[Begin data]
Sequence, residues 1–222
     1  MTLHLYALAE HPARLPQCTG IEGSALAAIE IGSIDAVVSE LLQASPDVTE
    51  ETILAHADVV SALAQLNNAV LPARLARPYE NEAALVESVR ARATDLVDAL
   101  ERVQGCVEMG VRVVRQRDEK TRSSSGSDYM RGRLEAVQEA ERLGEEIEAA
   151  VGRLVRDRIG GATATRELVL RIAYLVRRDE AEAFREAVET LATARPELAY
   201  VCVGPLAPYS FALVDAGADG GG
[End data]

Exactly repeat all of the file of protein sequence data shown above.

Sequence, residues 1–222
     1  MTLHLYALAE HPARLPQCTG IEGSALAAIE IGSIDAVVSE LLQASPDVTE
    51  ETILAHADVV SALAQLNNAV LPARLARPYE NEAALVESVR ARATDLVDAL
   101  ERVQGCVEMG VRVVRQRDEK TRSSSGSDYM RGRLEAVQEA ERLGEEIEAA
   151  VGRLVRDRIG GATATRELVL RIAYLVRRDE AEAFREAVET LATARPELAY
   201  VCVGPLAPYS FALVDAGADG GG